The Witching Hour (The Mayfair Witches, Book One) by Anne Rice, 1990
“We watch and we are always here.” – The Talamasca*
This book is just plain sexy. I don’t know how Rice manages to do it–witches, devils, haunting manifestations, big emeralds set in big diamond settings, dripping Spanish moss, secret societies…it’s all so very titillating.
The evil that blights the pages of The Witching Hour has an intriguing origin. In the 1600’s, in Scotland, a naive young woman, Suzanne Mayfair, learns for a lark how to summon demons. Later, she meets an untimely end; but the demon she summons, Lasher by name, goes on to bedevil the Mayfair descendants on down to the present day–seeing in them the means of fulfilling his ghastly, unnatural “ambitions”. In the process, Lasher turns the Mayfairs into a “witching family”–a witch here being “a person who can attract and manipulate unseen forces.”
Ironically, it’s a witch judge, an inquisitor, who teaches Suzanne Mayfair how to rouse the demon in the first place–an example of Law, in its zeal, fomenting transgression to serve its own corrupt agenda. It’s this sort of complex intertwining of antagonistic forces–moral, psychological, and biological–that forms the basic structural principle of this huge and sprawling tale of horror. Lasher is the real protagonist of The Witching Hour. Is he the Devil, himself? Or, is he an ancient pagan god-turned-demon?–the book’s Irish flavor points to this possibility. What is sure, is that, down the centuries, in Scotland, Haiti, and New Orleans, Lasher appears to the family as a slim, pale, elegant man with dark eyes and dark hair and a hypnotically seductive power over any of the Mayfair women reckless enough to entertain him.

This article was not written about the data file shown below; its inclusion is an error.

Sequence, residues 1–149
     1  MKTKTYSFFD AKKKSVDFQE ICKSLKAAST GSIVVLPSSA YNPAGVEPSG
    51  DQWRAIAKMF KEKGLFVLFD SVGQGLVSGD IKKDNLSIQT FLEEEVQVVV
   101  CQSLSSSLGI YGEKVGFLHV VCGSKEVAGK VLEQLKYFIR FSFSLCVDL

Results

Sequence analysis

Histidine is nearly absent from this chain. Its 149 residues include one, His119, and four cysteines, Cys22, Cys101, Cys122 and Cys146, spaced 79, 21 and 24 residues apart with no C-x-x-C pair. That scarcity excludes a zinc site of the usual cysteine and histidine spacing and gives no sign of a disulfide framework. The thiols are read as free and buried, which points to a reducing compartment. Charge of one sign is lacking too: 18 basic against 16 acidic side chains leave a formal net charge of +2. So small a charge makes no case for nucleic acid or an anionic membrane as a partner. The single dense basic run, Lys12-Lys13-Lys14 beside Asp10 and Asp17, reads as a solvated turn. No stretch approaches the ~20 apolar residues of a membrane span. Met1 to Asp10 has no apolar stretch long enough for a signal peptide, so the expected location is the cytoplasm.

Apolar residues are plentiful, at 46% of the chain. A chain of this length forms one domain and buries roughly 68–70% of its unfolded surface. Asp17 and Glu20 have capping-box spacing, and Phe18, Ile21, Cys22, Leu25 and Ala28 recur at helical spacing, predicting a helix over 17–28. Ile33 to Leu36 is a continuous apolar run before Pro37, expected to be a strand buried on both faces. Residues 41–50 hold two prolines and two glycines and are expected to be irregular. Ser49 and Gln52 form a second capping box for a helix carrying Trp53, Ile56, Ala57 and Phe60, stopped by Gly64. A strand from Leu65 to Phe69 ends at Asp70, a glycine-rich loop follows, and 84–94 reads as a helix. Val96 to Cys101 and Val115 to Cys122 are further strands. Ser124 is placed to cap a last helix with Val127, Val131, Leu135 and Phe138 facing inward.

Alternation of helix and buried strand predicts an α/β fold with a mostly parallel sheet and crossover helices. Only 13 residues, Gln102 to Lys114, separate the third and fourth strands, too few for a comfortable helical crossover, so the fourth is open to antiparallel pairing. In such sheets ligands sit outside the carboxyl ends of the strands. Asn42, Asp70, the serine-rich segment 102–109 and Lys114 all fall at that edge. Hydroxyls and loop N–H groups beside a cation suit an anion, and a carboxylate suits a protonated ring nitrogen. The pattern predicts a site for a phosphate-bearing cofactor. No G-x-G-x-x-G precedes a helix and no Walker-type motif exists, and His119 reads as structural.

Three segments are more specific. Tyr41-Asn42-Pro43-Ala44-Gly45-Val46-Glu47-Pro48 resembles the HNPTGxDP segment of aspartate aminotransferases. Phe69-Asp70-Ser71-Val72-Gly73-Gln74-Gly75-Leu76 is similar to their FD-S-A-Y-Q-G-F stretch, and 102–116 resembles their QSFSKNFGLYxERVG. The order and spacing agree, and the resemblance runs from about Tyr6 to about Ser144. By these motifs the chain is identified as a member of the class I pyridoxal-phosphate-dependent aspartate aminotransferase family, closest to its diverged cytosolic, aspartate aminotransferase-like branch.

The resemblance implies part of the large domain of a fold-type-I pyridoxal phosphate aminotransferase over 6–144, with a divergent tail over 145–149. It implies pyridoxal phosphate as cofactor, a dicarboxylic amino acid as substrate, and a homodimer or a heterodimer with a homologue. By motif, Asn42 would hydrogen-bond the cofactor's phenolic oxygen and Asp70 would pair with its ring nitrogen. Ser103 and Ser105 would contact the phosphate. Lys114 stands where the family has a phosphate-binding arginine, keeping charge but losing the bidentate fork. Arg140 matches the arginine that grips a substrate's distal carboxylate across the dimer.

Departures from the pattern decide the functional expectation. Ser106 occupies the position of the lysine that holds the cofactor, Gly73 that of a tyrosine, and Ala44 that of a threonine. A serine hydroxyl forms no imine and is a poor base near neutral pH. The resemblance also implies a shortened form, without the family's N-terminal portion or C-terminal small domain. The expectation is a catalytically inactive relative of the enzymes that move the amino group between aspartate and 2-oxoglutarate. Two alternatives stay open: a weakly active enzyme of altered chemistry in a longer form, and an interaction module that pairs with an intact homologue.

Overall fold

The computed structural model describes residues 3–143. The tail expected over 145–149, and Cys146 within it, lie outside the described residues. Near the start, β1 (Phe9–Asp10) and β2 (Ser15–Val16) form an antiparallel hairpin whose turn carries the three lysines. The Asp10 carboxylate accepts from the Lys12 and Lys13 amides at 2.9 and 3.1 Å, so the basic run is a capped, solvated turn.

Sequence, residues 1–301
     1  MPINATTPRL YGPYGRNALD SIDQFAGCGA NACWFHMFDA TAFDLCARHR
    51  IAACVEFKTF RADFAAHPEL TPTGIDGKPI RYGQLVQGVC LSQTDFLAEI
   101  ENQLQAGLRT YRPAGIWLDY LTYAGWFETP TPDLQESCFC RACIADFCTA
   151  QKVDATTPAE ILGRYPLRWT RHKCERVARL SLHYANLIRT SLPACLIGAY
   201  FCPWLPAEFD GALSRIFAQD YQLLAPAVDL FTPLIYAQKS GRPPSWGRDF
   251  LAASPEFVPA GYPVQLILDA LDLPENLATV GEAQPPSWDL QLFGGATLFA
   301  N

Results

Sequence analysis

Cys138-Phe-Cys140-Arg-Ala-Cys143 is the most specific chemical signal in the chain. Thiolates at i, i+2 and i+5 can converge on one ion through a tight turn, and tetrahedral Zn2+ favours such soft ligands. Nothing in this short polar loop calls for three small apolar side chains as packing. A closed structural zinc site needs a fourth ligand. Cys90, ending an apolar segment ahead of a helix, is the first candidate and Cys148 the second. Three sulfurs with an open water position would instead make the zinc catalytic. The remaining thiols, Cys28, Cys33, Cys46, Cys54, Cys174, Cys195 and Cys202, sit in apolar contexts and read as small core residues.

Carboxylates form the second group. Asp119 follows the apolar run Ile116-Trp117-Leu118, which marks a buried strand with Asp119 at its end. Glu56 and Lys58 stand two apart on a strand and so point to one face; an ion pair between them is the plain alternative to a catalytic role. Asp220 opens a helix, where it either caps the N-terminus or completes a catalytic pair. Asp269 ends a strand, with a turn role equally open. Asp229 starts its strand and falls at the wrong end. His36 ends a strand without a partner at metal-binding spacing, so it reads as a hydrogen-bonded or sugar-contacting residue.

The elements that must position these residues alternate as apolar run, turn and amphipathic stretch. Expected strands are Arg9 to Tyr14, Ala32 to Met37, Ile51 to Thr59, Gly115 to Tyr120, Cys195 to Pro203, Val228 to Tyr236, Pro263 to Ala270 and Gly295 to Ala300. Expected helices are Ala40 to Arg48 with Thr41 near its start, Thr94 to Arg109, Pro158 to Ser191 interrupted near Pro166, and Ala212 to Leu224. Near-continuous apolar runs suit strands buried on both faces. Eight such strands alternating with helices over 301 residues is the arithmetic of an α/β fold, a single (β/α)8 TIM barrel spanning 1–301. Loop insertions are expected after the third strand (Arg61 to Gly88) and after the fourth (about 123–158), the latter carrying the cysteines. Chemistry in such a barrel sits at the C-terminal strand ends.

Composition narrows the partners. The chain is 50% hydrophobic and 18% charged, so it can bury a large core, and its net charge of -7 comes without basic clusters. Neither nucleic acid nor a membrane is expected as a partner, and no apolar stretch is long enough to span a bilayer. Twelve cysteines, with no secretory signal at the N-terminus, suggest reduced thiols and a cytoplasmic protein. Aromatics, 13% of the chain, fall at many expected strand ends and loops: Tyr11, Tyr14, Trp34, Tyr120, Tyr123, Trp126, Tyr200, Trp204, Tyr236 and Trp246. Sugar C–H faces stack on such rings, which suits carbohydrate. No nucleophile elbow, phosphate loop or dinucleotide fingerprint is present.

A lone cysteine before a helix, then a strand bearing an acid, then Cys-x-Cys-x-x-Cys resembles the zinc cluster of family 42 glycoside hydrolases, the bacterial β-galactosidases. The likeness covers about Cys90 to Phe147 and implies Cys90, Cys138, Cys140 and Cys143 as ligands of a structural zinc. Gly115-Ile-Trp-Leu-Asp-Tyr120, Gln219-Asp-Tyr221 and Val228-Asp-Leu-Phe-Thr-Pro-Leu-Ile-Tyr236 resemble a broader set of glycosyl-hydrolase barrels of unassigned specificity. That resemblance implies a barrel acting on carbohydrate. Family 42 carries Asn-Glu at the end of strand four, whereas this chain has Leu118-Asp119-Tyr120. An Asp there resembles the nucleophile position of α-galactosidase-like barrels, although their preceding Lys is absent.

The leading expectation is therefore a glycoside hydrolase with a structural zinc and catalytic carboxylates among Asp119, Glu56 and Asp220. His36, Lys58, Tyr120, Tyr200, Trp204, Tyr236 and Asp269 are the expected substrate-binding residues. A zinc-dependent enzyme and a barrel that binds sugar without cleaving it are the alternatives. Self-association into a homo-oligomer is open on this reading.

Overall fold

The book opens with Deirdre Mayfair, whose sexual passion for Lasher proved to be so intense, her elderly Aunt Carlotta has had Deirdre heavily drugged on Thorazine since she was a teenager.